Tributes have been paid to record-breaking Port Vale player Clinton Boulton who has died, aged 72.
The local lad became Vale’s youngest ever first-team player when he made his debut as a 16 year old at half-back at Hull City on Boxing Day, 1964.
He would score his first goal for the Vale the following year – aged 17 years and 110 days – a club record for the youngest scorer that still stands.
After turning professional in 1965, he was made club captain at the age of just 18 by Stanley Matthews, another club record.
He became a regular in the side at right back and played every league game in the 1969/70 season to help Gordon Lee’s side win promotion from the old Division Four.
He could also play in central defence and had played 267 senior appearances for the club when he was sold to Torquay for £10,000 in November 1971.
After leaving Vale, Boulton would make 286 appearances for Torquay over eight years, settling in Devon and then running a company that made window blinds and awnings.
Vale fan and historian Phil Sherwin recalls the surprise of hearing Boulton had been sold.
He said: “It was a shock to everyone. It was the third highest fee Vale had ever received at the time and the reason given was that the club needed the money for new floodlights.”
Phil adds: “Clinton was one of my early heroes, an excellent right back who could also play in central defence.
“He hardly missed a game during my first three years of supporting the club, so he was a constant presence in the defence and always reliable with an eye for goal.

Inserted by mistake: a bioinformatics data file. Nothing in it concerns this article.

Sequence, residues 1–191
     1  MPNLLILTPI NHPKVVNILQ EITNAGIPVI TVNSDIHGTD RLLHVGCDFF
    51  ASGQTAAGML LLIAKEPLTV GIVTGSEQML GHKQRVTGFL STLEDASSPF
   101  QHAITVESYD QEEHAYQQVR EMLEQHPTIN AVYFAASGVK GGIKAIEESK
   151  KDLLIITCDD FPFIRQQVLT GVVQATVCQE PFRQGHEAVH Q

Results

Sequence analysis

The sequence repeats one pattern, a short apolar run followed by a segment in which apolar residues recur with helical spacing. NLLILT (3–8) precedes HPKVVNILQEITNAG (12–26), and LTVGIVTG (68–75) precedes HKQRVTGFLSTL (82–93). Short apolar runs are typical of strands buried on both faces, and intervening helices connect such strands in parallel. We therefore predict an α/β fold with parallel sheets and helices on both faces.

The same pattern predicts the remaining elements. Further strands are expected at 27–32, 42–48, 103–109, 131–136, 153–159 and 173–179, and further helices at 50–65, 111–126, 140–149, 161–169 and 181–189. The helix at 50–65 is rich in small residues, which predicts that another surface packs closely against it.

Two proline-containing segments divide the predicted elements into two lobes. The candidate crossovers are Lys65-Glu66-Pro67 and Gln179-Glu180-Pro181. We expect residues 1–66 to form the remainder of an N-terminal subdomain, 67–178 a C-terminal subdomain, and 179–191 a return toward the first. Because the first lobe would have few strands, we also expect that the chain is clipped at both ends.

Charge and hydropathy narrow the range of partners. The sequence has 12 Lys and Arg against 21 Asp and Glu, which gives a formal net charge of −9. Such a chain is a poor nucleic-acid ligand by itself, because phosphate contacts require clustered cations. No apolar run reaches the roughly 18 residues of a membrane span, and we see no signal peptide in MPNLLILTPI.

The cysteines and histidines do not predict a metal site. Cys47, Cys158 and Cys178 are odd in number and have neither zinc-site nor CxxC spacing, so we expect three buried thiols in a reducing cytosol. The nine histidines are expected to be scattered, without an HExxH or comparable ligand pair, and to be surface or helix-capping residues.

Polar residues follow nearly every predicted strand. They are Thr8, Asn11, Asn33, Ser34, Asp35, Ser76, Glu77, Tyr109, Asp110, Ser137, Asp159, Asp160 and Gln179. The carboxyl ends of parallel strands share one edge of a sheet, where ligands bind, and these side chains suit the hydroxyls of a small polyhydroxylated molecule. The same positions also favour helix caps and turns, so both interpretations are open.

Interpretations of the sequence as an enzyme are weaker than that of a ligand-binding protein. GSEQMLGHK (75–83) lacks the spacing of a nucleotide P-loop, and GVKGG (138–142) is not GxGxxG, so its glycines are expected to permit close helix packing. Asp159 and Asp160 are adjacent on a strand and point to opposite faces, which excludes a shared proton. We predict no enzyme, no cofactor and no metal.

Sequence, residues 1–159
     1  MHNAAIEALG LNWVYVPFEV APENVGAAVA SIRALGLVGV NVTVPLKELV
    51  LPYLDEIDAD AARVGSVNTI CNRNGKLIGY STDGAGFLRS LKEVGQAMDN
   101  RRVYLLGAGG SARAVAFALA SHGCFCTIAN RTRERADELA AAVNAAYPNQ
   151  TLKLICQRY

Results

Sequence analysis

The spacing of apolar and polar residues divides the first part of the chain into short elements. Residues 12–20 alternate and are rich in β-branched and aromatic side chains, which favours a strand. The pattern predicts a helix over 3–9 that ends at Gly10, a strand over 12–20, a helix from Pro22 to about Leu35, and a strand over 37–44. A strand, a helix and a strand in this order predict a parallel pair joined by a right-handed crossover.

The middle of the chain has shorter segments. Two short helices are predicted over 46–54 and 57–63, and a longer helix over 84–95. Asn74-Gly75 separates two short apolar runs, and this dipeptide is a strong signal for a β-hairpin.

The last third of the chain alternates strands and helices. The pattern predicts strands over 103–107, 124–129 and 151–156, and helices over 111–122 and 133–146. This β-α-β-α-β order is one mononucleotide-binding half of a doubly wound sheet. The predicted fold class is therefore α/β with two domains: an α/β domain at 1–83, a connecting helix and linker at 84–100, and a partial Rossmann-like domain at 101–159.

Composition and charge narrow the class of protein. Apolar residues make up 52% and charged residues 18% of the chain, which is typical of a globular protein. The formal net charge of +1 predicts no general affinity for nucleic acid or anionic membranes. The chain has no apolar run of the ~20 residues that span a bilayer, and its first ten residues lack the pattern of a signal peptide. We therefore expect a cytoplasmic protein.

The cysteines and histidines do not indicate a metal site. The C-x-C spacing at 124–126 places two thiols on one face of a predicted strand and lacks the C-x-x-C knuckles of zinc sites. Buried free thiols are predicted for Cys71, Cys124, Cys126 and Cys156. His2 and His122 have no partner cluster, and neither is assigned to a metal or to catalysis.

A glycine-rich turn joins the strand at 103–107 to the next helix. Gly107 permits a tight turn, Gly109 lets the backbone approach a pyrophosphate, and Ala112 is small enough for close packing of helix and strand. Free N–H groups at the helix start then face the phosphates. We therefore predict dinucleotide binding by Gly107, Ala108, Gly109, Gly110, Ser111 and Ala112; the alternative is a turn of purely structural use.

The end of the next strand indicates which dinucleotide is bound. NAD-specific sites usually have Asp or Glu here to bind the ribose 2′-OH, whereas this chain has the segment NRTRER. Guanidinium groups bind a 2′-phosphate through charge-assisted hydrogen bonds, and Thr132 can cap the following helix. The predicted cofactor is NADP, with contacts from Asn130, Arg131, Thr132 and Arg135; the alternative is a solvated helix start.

“He was one of the stars of the 1969/70 team that won promotion to Division Three under Gordon Lee, playing every game. At the time you could never imagine a Vale side without Clinton, so all Vale fans were stunned when he was sold to Torquay. In those days though players had little choice! One of the greats of a bygone era. RIP Clinton.”
Vale’s lottery manager Brian Lewis was also a schoolboy following the 1969/70 promotion side.
He said: “That season is probably best remembered for how hard the Vale were, they were really uncompromising.
“Clinton Boulton had that but he had ability as well. As a full back he seemed to be one of the first to go on overlapping runs. He got in the box quite a lot and scored quite a few goals.
“So, although he was a tough-tackling, old school full back, you could see he had the quality to move up. He was quick and a good all-round full back.
“We had a good youth team in those days. The old Fourth Division was a tough place to make your debut at 18. But some players did come through like Clinton, Johnny James, Roddy Georgeson and Mick Cullerton.
“Then when Stan Matthews left, Gordon Lee had a good blend of youth and experience with players like John King, Roy Sproson and Tony Lacey.
“Clinton had both. He was young but had lots of experience as well. He was a good quality full back.
“He was a local lad and, as we see now with Tom Pope, fans will get behind a local lad more than a journeyman.”
Boulton’s former Vale team mate Mick Cullerton said: “Clinton was a very solid, strong player. He liked a battle and when things were going rough, he would be well in the middle of it.
“He trained well and was a good character on and off the pitch. He was good mates with Paul Bannister and I thought they both had very good futures. Paul broke his leg and didn’t play that much after but from Day One you could tell Clinton and Paul stood out.
“The thing that always struck me about Clinton was his mental strength. He was strong physically but he did love a battle and would get stuck in.”